What is Rawls's liberty principle in A Theory of Justice?

Rawls's liberty principle in A Theory of Justice states that everyone should have the greatest degree of individual liberty that is compatible with everyone else in the society enjoying the same degree of liberty.

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John Rawls's liberty principle, often called the "greatest equal liberty principle," is set out in chapter 46 of A Theory of Justice in the following terms:

Each person is to have an equal right to the most extensive total system of equal basic liberties compatible with a similar system...

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John Rawls's liberty principle, often called the "greatest equal liberty principle," is set out in chapter 46 of A Theory of Justice in the following terms:

Each person is to have an equal right to the most extensive total system of equal basic liberties compatible with a similar system of liberty for all.

Rawls uses the device of the Veil of Ignorance to argue that this principle is the most effective way of combining liberty with justice. If you did not know what position you would occupy in a society, you would want this society to include the greatest amount of individual liberty that could possibly be extended to everyone. This is because there is no possibility of complete liberty within a society unless it is unjust, since it would include the liberty to oppress others for those who were able to exercise it. If you are free to play your music at maximum volume at three o'clock in the morning, your neighbor is not free to sleep. Some individual liberties must therefore be curtailed for the general benefit of all citizens.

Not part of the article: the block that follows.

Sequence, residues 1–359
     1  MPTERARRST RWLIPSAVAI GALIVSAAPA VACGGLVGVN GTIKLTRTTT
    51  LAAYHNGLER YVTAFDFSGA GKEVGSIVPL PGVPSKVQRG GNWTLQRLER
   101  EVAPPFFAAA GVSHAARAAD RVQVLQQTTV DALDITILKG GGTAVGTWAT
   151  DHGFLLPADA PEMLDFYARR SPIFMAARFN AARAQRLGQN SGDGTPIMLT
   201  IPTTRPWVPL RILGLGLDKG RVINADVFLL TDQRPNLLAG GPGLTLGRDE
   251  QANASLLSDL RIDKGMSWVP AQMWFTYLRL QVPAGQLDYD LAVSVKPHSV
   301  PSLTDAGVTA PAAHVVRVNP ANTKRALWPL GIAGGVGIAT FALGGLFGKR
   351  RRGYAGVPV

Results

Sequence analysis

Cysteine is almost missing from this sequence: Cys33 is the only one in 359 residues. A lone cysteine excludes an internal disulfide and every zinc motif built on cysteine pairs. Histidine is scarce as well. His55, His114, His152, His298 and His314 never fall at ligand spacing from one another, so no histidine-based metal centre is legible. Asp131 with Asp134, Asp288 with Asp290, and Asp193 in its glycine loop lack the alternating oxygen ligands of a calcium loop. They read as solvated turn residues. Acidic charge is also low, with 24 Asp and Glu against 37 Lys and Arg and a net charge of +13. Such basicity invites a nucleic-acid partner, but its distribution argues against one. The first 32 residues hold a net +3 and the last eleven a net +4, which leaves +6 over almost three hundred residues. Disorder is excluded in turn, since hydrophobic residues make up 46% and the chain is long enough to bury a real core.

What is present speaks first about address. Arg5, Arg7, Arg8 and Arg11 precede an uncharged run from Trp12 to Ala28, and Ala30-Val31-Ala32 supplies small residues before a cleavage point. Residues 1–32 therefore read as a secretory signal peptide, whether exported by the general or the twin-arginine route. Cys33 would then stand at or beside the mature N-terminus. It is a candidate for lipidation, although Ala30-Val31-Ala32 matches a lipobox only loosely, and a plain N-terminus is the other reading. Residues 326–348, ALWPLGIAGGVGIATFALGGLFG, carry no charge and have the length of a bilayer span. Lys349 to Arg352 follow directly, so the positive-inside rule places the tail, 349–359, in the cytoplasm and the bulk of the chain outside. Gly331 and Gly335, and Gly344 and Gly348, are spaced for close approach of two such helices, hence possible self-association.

Some liberties can be classified as absolute under Rawls's principle, and these qualify as rights: the right to vote and the right to own property, for instance. Other freedoms extend to a certain point, which is as far as they can go without intruding upon, and thereby curtailing, the liberty of another.

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